View Full Version : Curt Gowdy dies

02-20-2006, 01:03 PM

(CBS4) BOSTON Former Red Sox and NBC television broadcaster Curt Gowdy died at his home in Florida Monday, after a long battle with leukemia. He was 86 years old.

Gowdy's family was with him at the time of his death.

He was the radio voice of the Red Sox from 1951 to 1965. That time included his famous call of Ted Williams' final home run in his final at-bat at the end of the 1960 season.

Gowdy left the Red Sox to join NBC Sports, where he was the network's lead television broadcaster for it's baseball game of the week. From 1966 to 1975, he called the play-by-play for every World Series and All-Star game for NBC.

02-20-2006, 01:40 PM
From 1966 to 1975, he called the play-by-play for every World Series and All-Star game for NBC.Until his shameless homerism forever ingrained itself in Reds fans memories.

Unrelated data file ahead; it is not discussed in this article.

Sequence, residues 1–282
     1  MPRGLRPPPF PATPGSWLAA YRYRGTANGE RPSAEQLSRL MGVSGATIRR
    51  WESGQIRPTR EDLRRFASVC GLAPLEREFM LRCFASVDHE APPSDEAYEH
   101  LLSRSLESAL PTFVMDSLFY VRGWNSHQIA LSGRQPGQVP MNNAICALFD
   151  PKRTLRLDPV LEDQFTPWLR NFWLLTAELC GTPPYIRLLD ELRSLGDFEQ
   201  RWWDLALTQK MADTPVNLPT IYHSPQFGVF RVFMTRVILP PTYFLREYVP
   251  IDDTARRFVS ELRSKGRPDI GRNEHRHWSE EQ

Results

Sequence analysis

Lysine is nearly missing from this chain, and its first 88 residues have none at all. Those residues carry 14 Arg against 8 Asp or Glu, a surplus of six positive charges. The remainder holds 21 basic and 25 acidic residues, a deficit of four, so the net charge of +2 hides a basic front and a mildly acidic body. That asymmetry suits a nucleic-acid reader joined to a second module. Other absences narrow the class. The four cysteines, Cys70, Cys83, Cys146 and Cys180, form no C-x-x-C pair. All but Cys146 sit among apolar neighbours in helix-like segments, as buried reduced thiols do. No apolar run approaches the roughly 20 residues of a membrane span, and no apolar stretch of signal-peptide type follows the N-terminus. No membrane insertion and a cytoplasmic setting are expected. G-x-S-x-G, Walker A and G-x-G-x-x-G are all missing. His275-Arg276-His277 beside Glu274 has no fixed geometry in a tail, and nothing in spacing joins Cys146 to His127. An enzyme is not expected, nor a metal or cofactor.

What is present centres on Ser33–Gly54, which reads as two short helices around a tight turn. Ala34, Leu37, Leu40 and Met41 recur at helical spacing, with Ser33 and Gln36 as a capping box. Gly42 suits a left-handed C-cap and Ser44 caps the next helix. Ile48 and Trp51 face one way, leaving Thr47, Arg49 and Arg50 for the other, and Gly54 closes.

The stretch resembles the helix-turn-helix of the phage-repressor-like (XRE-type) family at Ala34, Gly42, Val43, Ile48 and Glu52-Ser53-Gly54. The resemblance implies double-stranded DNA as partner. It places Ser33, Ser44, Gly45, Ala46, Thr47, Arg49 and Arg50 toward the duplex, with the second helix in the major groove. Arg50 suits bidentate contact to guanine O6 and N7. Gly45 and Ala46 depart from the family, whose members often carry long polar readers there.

02-20-2006, 01:57 PM
Until his shameless homerism forever ingrained itself in Reds fans memories.

I was nine years old when the 1975 World Series was played, so I wasn't too aware of such things. But I remember my Dad commenting about how disappointed Gowdy was that the Reds won, and because he was for the Red Sox.

When you watch Game 7 again these days on ESPN Classic, you realize how Gowdy didn't do a very good job of disguising his lack of enthusiasm for the Reds victory. He was never one of my favorites, but the sound of his voice on a broadcast brings back good memories of my younger days, nevertheless.

02-20-2006, 02:03 PM
He along with Tony Kubek, Joe Garagiola, Al Michaels, Marty Brennamen, Joe Nuxhall, Kieth Jackson, Jack Fleming and Vin Scully are the voices that I can easily hear in my memories of sports. RIP Curt.